El Carmen de Bolivar (Colombia) (AFP) - A mystery illness is plaguing girls in this town in northern Colombia, and locals say a vaccine against the sexually transmitted human papillomavirus, or HPV, is to blame.
First their hands and feet feel cold. Then they go pale and cannot move. Some convulse and fall to the floor.
In El Carmen de Bolivar, near the port of Cartagena, dozens of teenagers have experienced similar symptoms. Some have even lost consciousness.
"They vaccinated me in May and I started fainting in August. My legs became heavy and I couldn't feel my hands anymore. When I woke up, I was in the hospital," recalled 15-year-old Eva Mercado.
She passed out seven times in a month.
For most of the families affected in this town of 67,000, there is no doubt about what is causing the problem.
They place the blame squarely on a vaccination campaign against HPV, one of the most common sexually transmitted diseases, which can trigger cervical cancer.
The city's modest Nuestra Senora del Carmen hospital has been overwhelmed by a surge of unconscious teenage girls being wheeled through its doors.
Panicked fathers bring their daughters to the facility aboard their motorcycles, using the town's dirt roads.
Doctors search, in vain, for possible cases of hypoglycemia or drug abuse.
According to hospital official Augusto Agamez, about 370 minors have checked into the facility. There was also one boy among them.
"There is no diagnosis or specific treatment," Agamez told AFP, stressing that the hospital was also helping families cope with the unknown illness.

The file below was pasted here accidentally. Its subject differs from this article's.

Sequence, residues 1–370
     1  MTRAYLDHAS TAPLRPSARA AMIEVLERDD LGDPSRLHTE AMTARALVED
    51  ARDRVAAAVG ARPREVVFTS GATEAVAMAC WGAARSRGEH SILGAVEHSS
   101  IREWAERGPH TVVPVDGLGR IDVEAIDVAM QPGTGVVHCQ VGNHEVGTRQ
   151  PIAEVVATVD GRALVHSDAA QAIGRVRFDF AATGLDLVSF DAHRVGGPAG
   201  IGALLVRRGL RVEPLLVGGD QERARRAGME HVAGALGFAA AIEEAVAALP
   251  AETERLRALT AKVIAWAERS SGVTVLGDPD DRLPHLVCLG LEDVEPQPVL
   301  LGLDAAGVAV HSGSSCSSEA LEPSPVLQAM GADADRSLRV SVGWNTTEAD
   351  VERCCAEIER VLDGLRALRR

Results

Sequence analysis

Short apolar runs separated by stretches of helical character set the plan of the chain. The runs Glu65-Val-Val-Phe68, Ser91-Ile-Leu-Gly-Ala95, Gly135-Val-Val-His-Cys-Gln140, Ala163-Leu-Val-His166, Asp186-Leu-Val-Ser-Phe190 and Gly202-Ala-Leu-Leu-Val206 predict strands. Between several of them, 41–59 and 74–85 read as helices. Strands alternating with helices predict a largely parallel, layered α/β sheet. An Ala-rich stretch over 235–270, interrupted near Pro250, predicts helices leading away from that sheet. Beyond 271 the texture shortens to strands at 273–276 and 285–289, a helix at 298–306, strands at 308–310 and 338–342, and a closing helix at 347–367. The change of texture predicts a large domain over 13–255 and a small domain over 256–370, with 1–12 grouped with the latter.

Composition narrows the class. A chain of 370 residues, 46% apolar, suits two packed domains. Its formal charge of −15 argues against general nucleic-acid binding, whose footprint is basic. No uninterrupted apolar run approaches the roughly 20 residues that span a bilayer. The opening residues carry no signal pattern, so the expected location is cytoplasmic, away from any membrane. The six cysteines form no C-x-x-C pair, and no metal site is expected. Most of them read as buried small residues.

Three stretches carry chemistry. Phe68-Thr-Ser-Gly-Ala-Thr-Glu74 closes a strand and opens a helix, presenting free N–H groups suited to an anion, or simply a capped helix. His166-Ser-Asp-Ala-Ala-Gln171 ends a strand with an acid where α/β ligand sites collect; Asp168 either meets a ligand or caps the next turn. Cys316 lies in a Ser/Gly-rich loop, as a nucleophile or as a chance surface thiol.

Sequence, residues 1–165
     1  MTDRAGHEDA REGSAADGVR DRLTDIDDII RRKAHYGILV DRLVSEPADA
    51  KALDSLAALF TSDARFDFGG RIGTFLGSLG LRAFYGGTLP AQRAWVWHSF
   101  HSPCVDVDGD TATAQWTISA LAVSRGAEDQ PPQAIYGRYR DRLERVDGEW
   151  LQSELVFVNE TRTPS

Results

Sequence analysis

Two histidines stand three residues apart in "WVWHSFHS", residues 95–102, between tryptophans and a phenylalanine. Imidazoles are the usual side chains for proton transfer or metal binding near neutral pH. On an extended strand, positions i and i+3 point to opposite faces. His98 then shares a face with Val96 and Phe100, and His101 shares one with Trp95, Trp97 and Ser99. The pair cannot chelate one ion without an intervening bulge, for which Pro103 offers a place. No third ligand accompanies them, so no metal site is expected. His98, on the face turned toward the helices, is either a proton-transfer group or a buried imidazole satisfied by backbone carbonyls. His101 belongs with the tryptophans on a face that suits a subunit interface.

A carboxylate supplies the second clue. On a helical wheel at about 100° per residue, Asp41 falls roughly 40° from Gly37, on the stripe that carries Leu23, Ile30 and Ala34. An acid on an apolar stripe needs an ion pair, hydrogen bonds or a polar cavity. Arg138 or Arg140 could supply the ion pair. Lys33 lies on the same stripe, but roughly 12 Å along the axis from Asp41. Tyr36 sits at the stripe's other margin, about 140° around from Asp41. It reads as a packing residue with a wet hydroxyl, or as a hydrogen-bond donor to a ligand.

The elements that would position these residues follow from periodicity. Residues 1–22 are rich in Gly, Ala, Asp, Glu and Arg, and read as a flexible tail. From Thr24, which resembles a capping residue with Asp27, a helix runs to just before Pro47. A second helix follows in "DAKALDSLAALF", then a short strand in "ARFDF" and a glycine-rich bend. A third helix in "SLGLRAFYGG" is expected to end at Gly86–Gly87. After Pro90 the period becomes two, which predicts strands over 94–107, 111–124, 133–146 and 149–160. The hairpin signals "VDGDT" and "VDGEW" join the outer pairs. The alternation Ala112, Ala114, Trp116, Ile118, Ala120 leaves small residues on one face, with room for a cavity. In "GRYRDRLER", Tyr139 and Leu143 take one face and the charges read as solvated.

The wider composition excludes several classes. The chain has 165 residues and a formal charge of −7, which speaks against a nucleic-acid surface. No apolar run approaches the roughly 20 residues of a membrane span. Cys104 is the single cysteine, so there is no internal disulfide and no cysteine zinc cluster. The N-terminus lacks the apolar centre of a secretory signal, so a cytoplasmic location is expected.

When they come to, the young patients learn breathing techniques from nurses.
They also receive saline solution and oxygen. Once back on their feet, the girls go home -- until the next spell.
- 'Not collective hysteria' -
"They brought me to the hospital 16 times last month," said Beatriz Martinez.
For the 15-year-old, it all started with headaches and backaches. Then her legs and hands gave in as well, forcing her mother to help her take baths.
The teenage girls affected by the mysterious malaise no longer go outside. Some don't even leave their homes.
"My daughter is not the same," said street vendor Jhon Jairo Mercaco, adding that, until now, his daughter had not been hospitalized since birth.
"I am desperate," said William Montes, a farmer who traveled down a mountain with his two daughters in a hammock to get them treated in town.
The epidemic has grabbed national headlines, and President Juan Manuel Santos has been forced to weigh in.
Insisting the HPV vaccination campaign was safe, Santos suggested the epidemic was no more than a "phenomenon of collective suggestion."
Those comments were met with tremendous anger in El Carmen de Bolivar, already shaken by Bogota's decades-long battle against the leftist Revolutionary Armed Forces of Colombia (FARC).
In the 1980s, clashes pitting government forces against the leftist rebels killed about 100 people here.
US drug giant Merck, which makes the Gardasil vaccine, said it was "confident in the safety profile" of its product.
"We continue to monitor adverse events reporting and are following this situation closely," it said in a statement to AFP.
"Merck/MSD will continue to support the ministry's immunization and monitoring efforts in Colombia."
Health Minister Alejandro Gaviria was met with boos and burned tires during a recent visit.
While promising a series of measures -- gathering data on patients, setting up new tests, providing psychological counseling -- the minister stopped short of suspending the vaccinations.
"We have no reason to stop at this time," Gaviria said.
Those words failed to reassure parents whose family and professional life have been upended by an illness whose origins are still unknown.
"This is not collective hysteria or manipulation. If you see your daughter have these symptoms after a vaccination, what else would you blame?" asked Maria Veronica Romera, the mother of a weakened 13-year-old.